Failure to identify such medical safety problems may often go unnoticed but could frequently be prevented if medical researchers changed the way they evaluate new medicines, medical devices and other treatments, according to a new paper in the journal Health Affairs. Such changes may have to be mandated, say the authors from the Veterans Affairs Ann Arbor Healthcare System and the University of Michigan Health System.
The paper's authors say there are fundamental flaws in the way researchers usually analyze and report the results of medical studies, especially randomized clinical trials that are seen as the "gold standard" method for studying the effectiveness and safety of new treatments. Those flaws make it more likely that they'll miss signs of extra harm -- or extra benefit -- to subgroups of patients who have certain characteristics.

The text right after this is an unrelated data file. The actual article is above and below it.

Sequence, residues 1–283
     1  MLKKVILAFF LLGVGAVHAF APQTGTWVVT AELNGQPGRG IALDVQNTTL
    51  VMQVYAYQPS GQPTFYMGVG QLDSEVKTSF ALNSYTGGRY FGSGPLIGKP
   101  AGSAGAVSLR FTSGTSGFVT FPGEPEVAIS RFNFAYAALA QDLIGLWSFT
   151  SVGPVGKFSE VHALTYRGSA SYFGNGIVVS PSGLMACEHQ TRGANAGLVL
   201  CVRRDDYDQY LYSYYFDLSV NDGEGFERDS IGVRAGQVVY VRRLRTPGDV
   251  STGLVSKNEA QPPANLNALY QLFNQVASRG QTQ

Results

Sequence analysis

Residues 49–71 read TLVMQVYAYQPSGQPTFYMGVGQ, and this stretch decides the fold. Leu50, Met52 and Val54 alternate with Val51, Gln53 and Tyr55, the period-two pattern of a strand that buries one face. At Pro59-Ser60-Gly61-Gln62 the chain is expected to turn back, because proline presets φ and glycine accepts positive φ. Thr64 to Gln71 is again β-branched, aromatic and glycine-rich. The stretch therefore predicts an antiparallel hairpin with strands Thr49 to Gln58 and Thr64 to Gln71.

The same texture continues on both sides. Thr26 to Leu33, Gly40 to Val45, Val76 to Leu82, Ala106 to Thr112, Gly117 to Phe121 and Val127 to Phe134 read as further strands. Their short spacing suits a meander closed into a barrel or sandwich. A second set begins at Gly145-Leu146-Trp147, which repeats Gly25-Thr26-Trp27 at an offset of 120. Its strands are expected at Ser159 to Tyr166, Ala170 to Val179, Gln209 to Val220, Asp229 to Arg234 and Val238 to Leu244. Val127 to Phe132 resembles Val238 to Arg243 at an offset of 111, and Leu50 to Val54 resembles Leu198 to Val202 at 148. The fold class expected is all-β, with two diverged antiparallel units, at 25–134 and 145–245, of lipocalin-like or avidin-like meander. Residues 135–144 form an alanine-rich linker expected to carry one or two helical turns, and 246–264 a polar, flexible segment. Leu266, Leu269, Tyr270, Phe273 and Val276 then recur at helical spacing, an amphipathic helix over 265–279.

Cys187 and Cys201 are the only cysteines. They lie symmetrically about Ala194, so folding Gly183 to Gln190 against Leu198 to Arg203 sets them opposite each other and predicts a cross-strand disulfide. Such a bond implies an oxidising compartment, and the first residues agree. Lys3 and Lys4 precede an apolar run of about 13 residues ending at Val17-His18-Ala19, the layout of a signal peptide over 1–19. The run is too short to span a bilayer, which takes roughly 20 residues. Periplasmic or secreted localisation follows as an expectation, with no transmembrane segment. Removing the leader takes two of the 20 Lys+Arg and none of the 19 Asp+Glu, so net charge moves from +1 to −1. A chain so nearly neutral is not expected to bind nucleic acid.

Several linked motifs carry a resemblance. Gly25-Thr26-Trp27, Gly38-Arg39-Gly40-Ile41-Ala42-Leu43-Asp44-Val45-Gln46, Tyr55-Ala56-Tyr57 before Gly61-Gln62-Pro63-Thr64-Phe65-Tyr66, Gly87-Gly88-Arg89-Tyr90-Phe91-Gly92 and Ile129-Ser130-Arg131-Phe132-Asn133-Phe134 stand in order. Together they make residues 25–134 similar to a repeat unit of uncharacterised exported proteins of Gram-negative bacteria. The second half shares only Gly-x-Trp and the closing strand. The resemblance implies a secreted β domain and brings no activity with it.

Only by analyzing results using a statistical method that considers several factors at once -- for instance, overall heart attack risk, rather than just individual risk factors such as age -- will researchers truly be able to see how the risks and benefits of a treatment vary from patient to patient, the study suggests.
This kind of analysis, called multivariable or risk-stratified analysis, would require more statistical know-how. But it could save lives and money, and allow patients to weigh a treatment's true risks and benefits to their health before starting treatment.
"Most studies currently emphasize the average risk and average benefit found in the study, but the average trial participant might get much less benefit than average, or even be harmed," says lead author Rodney Hayward, M.D. "If 9 people are in a r
Contact: Kara Gavin
University of Michigan Health System